Testimony & Letters

Letter to House Subcommittee on Consumer Protection & Commerce


Dear Chair Schakowsky and Ranking Member Rodgers:

The Self-Driving Coalition is pleased to provide the House Energy and Commerce Committee’s Subcommittee on Consumer Protection and Commerce with a letter in support of efforts to help bring about the safe and rapid deployment of innovative and life-saving self- driving technology. The Coalition supports and appreciates the Committee’s thoughtful consideration of the many key policy issues that will affect the testing and deployment of autonomous vehicles (AVs).

The Self-Driving Coalition was founded by Ford, Lyft, Uber, Volvo Cars and Waymo in 2016 because of their commitment to bring the tremendous potential safety benefits of self- driving cars to consumers in the safest and swiftest manner possible. We are also pleased to announce today the addition of three new members, Argo AI, Aurora, and Nuro, who share this vision. Together, this cross-section of companies demonstrates the widespread interest in developing this technology across different sectors—technology, automobile, and transportation networking.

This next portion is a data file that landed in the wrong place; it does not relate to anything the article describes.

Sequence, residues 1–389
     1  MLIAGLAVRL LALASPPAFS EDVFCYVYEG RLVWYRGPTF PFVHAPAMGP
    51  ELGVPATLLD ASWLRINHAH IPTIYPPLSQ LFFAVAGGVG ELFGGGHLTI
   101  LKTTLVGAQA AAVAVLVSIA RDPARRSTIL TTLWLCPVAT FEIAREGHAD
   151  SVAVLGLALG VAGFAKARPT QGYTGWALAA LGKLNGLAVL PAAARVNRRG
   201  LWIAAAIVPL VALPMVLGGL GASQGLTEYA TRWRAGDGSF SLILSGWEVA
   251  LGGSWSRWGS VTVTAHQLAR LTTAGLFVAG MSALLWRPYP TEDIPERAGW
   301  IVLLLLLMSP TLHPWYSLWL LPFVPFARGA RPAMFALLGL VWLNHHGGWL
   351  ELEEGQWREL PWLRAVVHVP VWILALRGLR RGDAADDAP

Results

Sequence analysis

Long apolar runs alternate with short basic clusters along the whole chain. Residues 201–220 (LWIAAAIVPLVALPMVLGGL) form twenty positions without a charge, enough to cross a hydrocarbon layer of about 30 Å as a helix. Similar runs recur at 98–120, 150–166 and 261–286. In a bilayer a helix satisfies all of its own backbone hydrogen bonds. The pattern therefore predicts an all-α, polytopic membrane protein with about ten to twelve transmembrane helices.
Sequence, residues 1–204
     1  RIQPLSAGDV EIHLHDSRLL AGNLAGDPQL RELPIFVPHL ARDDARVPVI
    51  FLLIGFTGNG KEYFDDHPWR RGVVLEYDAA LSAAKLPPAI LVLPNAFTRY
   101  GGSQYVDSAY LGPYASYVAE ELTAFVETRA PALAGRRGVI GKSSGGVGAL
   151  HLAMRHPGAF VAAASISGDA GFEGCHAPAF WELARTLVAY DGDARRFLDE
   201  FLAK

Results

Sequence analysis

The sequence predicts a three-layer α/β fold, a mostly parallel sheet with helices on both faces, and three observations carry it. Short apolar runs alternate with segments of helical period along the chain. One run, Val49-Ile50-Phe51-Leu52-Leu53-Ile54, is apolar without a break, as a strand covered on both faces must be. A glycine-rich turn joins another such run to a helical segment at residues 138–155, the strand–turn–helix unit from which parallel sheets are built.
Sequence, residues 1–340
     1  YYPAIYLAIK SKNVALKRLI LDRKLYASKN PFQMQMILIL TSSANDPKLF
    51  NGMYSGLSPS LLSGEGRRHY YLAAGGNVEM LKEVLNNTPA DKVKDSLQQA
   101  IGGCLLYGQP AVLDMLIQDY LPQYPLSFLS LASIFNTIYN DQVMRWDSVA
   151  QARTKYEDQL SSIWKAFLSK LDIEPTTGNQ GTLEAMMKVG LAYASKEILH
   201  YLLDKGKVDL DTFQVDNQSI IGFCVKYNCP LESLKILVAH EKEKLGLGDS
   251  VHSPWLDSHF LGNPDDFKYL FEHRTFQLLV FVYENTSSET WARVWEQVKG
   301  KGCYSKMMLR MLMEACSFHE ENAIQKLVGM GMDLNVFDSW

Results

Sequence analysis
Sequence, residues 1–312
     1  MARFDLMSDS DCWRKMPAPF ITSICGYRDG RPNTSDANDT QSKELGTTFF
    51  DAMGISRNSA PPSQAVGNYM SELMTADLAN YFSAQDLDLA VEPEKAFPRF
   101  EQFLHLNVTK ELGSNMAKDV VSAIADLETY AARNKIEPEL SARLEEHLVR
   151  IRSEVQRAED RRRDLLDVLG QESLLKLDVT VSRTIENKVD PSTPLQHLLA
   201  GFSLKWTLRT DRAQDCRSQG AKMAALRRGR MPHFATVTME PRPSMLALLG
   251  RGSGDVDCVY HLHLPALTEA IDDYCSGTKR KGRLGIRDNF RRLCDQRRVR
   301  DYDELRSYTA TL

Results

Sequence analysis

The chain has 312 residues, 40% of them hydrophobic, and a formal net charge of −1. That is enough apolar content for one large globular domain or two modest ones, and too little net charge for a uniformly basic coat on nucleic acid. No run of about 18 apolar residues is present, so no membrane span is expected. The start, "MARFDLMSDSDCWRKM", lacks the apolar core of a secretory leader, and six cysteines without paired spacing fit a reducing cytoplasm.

The Coalition appreciates the Committee’s interest in AVs and the goal of encouraging the development of self-driving technology. The Coalition believes that the United States will play a critical role in the deployment of AV technology, and we are pleased that legislators recognize its significance. Self-driving technology has great potential to improve public safety; the National Highway Traffic Safety Administration (“NHTSA”) estimates that more than 36,000 Americans died in motor vehicle crashes in 2018, the overwhelming majority of which were due to human error. Self-driving technology can also enhance mobility for the elderly and disabled, reduce traffic congestion, improve environmental quality, and advance transportation efficiency. We encourage you to continue working with industry in whatever capacity would be appropriate to help ensure that the United States continues to lead in a globally competitive environment.